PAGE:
A police officer issued you a ticket, formally called a Notice to Appear and Complaint. This complaint outlines the charge(s) alleged against you. On the left side of the ticket, the officer assigned a date for your appearance in Columbus City Court. You are expected to appear on this date. Failure to appear may result in the suspension of your driver’s license and/or a warrant may be issued for your arrest. If the assigned date is inconvenient or you would like to schedule an earlier court date, please call the Court Clerk (406-322-5313 ext 200) to see if you are able to reschedule. Please note that the Court only holds hearings on citations on Tuesdays at 3:00pm.
Going to Court
Columbus City Court is located at 408 E 1st Ave N on the second floor of the City Hall building.
When you appear, please check in with the Court Clerk immediately upon your arrival. The Court usually sees cases on a first-come, first-serve basis. Please arrive a few minutes early to fill out paperwork.
Do not bring weapons of any kind to court.
Turn off cell phones and other electronic devices.
Remove your hats.
Please do not bring young children.
When in the courtroom, please sit quietly and wait for your turn to be called. When the Judge calls your name, approach the table. Only you, and/or counsel may approach to speak to the Judge. If you are under 18 years old, you MUST bring a parent or legal guardian with you.
Your first appearance in court is commonly called an Initial Appearance. This is the time when you are informed of the charge(s) against you. This is when you are also given the opportunity to enter a plea of guilty or not guilty. This is not the time for you to bring evidence or witnesses to testify.
All criminal cases filed in Columbus City Court are misdemeanors. Most misdemeanors are an offense punishable by or no more than 1 year in jail and no more than a $1,000 fine. The Judge will inform you of the minimum and maximum penalties for you specific charge(s) when you appear in court.
Entering a Plea
You have the right to consult an attorney before entering a plea. The Court may appoint an attorney for you if you cannot afford one and you could receive a jail sentence if convicted. The Judge will ask you how you would like to plead. You have the following options:
Not Guilty – You are denying the allegation of the charge. You do not explain any of the circumstances to the Judge at this time. The Court will set a date to return for an Omnibus Hearing.
Guilty – You are admitting guilt. After being sworn in, you will be allowed to explain the circumstances and say what it is that makes you guilty. The Judge will usually sentence you immediately unless he requires additional information.
Pleading Not Guilty
After pleading Not Guilty, you will return for an Omnibus Hearing approximately one month after your Initial Appearance. You (and your attorney if you have one) must be present for this hearing. At this hearing, the Prosecution will tell the Court whether they have provided all the evidence to the Defense and vice versa. You will decide if you would like a Jury Trial or a Judge Trial. The Pre-Trial Hearing and Trial dates will be set.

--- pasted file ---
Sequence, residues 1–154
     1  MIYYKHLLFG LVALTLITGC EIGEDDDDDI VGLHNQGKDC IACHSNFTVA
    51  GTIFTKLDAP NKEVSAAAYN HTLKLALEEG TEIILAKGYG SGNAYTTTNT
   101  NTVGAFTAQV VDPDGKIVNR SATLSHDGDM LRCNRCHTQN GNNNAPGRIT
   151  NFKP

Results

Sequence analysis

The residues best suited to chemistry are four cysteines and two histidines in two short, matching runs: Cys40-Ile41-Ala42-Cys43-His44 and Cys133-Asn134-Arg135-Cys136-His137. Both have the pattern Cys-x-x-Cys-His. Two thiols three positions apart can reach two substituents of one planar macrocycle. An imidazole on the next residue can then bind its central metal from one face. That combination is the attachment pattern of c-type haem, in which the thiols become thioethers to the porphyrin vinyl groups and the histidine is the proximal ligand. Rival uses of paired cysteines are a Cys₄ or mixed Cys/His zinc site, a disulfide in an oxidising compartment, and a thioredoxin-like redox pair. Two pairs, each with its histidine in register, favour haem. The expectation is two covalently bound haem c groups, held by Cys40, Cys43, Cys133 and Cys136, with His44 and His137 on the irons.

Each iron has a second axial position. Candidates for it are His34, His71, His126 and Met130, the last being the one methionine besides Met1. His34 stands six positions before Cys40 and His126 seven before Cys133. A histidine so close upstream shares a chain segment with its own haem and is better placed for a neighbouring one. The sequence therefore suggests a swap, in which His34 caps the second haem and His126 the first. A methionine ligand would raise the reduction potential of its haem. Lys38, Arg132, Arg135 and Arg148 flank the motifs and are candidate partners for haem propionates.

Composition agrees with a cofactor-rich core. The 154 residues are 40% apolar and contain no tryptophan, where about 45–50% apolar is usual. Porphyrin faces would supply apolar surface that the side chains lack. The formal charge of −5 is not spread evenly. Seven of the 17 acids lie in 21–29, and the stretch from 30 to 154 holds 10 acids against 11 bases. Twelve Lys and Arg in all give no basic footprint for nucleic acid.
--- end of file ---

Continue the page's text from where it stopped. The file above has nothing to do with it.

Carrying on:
Jury Trial – A Jury Trial consists of 6 residents of the city chosen at random. All 6 jurors must agree if you are guilty or not guilty. If you are found guilty, the Court may assess jury costs and witness fees against the Defendant.
Bench Trial – Also known as a Judge Trial, this trial is before the Judge and not a jury. The Judge will determine whether you are guilty or not guilty.
In both a Jury and Bench Trial, the verdict must be based upon a finding of a guilt beyond a reasonable doubt.
After pleading guilty or being found guilty, you will be sentenced by the Judge. Possible sentencing options are as follows:
Fines and Other Payments – If you need to make monthly payments toward your fine, the Judge will set up a Time Pay Agreement with you at sentencing. Payments are due by the 10th of every month. The Court accepts cash, check, cashier’s check and money order. We can also take Visa, MasterCard, and Discover credit/debit cards. If you ever have trouble making these payments, contact the Court as soon as possible. You may also work off a fine on community ser vice. Failure to make payments may result in suspension of your driver’s license and a warrant being issued for your arrest. The Judge may order Public Defender fees. If you were incarcerated, you may be given credit for time served. The Judge also may suspend a portion of your fine.
Jail/Incarceration – The Judge may sentence you to serve time in jail. In lieu of jail time, you may be sentenced to serve in the Sheriff’s Labor Detail. If the Judge gives you an incarceration sentence, he may choose to suspend it on certain conditions. If these conditions are met, no detention would be served. This charge will go on your criminal record. If these conditions are not met, the City may petition the Court to revoke the suspended sentence and ask that you serve out a portion or the entire jail sentence. You would first be entitled to a hearing.
Additional Sentence Mandates – Depending on your charge, you may also be sentenced to Community Service, MIP class, ACT/Prime for Life, fingerprinting, SCRAM, UAs, etc. Other mandates may include forfeiture of your license plates, vehicle registration, or driver’s license.
Deferred sentence – The Judge may give you a period of time to complete certain conditions prior to imposition of sentence. If the conditions are met and the paperwork is filed with the Court, the charge will be dismissed, the case sealed, and will not be reported to the Department of Justice. If the conditions are not met, the City may petition the Court to revoke the deferral and full sentencing could take place.